Our Lady Queen of Heaven Church was built for a new parish established in 1957 in a growing residential neighborhood of Lake Charles. Its modern design was made possible in large part by the parish priest, Monsignor Irving DeBlanc, who persuaded his parishioners that a contemporary building would best serve the major changes in the liturgy established by Vatican Council II in 1962–1965. To confirm that the design complied with the new liturgy, the architects submitted the plans to artist and liturgical design consultant Frank Kacmarcik of Minnesota. The church as built was the third design submitted by the architects, Curtis and Davis of New Orleans, and provides a handsome and effective response to the Vatican Council's recommendations. From the construction materials of brick, wood, and glass to the square plan, flat roof, and continuous open space, the church provides, as project architect Robert Biery noted, “a simple objective statement of transparency restrained so as to allow the people to see each other in celebration rather than the building elements.” Set to the rear of its wooded site, the church is nestled in a grove of pine trees. Yet walking along the tree-lined path from the street to the church, the building is always visible, making the destination clear. A gentle flight of stairs leads up to a forecourt defined by low white-painted brick walls, which forms a transition between secular and sacred space. This formal journey has been somewhat diluted by a recent addition of a covered walkway preceding the church.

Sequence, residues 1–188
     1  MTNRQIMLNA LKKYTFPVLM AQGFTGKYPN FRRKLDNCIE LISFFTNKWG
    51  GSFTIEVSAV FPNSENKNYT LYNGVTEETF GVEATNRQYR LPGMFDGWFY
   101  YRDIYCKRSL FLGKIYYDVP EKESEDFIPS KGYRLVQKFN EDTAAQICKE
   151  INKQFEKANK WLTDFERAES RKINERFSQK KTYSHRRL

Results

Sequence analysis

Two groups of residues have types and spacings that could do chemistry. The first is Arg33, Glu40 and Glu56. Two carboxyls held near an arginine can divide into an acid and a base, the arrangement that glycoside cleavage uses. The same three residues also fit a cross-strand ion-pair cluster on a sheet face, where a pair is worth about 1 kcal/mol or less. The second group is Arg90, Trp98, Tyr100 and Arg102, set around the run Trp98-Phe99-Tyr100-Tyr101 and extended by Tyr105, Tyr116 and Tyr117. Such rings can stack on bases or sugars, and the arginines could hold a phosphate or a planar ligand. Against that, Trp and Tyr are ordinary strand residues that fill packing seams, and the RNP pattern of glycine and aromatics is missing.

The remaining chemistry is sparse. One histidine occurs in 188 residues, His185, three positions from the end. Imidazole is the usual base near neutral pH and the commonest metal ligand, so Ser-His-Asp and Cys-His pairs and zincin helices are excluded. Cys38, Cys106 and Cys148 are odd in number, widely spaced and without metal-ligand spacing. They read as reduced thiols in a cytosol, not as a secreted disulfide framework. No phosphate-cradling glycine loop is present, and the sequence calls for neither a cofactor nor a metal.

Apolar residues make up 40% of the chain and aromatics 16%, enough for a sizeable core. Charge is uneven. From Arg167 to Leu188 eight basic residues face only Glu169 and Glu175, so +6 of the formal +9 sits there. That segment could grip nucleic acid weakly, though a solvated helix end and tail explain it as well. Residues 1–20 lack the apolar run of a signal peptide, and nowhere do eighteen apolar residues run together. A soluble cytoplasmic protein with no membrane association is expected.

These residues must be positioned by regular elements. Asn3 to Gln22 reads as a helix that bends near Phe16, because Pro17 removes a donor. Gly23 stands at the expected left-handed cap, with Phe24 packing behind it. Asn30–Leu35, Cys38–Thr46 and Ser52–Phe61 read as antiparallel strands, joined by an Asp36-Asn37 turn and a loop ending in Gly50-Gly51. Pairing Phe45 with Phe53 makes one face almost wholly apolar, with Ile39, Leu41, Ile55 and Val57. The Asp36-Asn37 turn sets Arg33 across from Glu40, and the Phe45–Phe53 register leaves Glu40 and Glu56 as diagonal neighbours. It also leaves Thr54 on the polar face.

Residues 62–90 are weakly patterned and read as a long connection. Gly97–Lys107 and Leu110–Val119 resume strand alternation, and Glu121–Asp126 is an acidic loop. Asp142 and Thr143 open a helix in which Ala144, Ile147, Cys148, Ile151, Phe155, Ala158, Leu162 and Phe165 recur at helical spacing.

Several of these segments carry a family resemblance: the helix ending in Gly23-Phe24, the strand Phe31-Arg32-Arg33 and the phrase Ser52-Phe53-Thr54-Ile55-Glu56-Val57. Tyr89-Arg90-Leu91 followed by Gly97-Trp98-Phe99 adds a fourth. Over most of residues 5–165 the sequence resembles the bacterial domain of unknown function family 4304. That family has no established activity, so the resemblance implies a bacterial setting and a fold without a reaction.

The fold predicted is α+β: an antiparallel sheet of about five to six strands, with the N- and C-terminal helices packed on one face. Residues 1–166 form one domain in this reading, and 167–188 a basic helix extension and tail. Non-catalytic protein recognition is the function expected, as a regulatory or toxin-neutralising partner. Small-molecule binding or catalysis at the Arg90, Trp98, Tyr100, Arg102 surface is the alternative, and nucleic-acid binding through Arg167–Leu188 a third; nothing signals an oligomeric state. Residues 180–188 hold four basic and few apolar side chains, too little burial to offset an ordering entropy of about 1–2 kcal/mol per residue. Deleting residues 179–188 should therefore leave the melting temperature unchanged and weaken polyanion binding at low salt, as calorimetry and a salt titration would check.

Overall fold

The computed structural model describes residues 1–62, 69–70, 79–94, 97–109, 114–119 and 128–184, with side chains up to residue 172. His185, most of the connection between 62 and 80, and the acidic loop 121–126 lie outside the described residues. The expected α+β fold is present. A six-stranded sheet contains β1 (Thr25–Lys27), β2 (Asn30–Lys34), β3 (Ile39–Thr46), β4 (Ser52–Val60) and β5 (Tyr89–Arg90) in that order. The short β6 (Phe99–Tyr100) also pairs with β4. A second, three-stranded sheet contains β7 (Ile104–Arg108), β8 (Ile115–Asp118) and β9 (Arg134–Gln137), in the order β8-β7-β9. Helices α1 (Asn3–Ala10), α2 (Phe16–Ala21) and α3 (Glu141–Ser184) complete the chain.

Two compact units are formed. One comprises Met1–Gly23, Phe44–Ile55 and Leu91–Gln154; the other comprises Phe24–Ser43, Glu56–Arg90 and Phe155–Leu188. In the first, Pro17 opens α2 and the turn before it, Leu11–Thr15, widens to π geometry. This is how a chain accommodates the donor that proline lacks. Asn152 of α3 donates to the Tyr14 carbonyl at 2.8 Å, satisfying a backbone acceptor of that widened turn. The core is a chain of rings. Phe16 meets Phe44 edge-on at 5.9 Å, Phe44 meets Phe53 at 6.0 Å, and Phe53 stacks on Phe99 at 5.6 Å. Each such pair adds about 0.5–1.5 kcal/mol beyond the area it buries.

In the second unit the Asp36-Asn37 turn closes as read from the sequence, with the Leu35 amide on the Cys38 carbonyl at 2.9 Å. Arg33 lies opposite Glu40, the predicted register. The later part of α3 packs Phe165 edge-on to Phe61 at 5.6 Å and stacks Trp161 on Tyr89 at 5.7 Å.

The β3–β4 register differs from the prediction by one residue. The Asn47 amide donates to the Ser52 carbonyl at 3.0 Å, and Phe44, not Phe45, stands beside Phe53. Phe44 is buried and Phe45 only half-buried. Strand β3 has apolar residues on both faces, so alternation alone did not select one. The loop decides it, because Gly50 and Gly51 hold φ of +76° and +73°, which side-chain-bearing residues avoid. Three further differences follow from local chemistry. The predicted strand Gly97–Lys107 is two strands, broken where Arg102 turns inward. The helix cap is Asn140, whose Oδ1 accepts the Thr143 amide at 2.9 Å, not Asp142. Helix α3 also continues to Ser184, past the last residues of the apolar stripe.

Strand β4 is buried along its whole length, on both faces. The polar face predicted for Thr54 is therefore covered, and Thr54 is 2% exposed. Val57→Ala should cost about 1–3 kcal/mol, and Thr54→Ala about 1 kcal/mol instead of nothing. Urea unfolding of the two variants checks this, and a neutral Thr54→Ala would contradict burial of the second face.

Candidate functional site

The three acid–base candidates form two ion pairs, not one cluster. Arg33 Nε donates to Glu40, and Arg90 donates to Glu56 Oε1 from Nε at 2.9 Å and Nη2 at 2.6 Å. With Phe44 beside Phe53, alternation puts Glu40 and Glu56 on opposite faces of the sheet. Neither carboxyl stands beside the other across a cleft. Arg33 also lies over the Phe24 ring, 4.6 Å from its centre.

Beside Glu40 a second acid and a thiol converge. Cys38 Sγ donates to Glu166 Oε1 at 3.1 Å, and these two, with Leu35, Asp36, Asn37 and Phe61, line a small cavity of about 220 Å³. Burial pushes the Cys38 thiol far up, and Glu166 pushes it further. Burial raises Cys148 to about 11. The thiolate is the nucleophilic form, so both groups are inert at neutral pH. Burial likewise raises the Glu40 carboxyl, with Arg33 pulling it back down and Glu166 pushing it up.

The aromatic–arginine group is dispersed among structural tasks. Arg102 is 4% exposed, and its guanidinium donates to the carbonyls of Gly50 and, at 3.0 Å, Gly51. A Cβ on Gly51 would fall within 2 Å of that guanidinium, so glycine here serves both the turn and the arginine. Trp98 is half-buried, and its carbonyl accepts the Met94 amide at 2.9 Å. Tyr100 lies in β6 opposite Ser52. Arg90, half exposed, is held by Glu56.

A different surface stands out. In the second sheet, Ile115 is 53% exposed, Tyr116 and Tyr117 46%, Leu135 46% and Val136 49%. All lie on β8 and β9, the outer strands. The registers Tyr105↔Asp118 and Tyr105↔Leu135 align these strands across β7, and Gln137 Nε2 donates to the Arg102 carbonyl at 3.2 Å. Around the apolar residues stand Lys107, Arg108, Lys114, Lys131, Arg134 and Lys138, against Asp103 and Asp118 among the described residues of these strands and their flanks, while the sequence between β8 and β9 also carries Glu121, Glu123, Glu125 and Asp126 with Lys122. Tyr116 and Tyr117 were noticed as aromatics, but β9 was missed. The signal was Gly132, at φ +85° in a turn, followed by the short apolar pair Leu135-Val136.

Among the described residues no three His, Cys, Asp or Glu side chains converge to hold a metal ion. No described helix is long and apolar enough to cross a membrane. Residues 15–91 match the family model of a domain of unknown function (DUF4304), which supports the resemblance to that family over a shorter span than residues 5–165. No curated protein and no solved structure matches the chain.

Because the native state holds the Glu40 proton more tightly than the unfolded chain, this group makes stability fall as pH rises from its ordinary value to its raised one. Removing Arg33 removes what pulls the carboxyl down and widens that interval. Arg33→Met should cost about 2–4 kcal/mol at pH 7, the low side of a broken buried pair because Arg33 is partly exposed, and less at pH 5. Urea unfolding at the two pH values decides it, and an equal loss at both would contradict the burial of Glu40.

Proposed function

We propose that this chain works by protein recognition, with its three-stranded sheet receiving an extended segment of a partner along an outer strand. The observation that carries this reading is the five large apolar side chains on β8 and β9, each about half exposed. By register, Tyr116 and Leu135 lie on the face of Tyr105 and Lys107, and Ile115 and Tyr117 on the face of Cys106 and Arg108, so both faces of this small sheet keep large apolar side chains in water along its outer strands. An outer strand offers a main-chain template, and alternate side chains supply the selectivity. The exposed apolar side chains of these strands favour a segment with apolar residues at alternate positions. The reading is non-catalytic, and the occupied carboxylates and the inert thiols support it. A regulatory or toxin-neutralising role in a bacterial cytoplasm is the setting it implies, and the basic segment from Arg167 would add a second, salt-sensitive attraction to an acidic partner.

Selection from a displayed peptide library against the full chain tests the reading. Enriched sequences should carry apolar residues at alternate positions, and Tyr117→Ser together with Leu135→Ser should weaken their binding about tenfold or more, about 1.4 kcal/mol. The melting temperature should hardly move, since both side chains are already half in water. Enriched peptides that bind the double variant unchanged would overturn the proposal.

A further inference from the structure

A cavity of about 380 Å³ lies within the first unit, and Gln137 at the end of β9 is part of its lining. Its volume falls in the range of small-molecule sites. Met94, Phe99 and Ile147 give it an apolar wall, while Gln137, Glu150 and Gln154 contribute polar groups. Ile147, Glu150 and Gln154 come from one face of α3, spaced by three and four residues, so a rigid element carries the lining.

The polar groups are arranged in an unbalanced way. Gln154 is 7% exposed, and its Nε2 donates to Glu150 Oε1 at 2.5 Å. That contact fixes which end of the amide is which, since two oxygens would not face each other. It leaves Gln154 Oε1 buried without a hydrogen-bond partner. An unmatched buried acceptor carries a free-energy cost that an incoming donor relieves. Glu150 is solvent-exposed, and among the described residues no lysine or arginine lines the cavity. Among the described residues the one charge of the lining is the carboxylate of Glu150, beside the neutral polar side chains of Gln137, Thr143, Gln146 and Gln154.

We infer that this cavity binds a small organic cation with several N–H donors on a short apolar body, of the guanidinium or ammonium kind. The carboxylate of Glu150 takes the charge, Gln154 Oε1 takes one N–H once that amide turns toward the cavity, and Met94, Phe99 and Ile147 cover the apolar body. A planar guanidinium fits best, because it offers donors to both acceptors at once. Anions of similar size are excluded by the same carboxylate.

Inside, the church embodies transparency. Its lower walls of clear glass allow for a view through the building to the landscaped courtyard on the other side. The landscaping, plants, and flowers provide colorful substitutes for stained glass. The upper exterior walls of stained cedar extend beyond the boundaries of the lower glass walls to mediate entering light. Seating is arranged on three sides facing the altar, and the baptismal font is incorporated into the single interior space that encompasses all aspects of worship. The wood ceiling, low-backed pews, curtains, and carpet are in low-key tones of brown and beige, meant to serve as a restrained background for the congregants. Both the exterior and interior offer a serene, peaceful environment.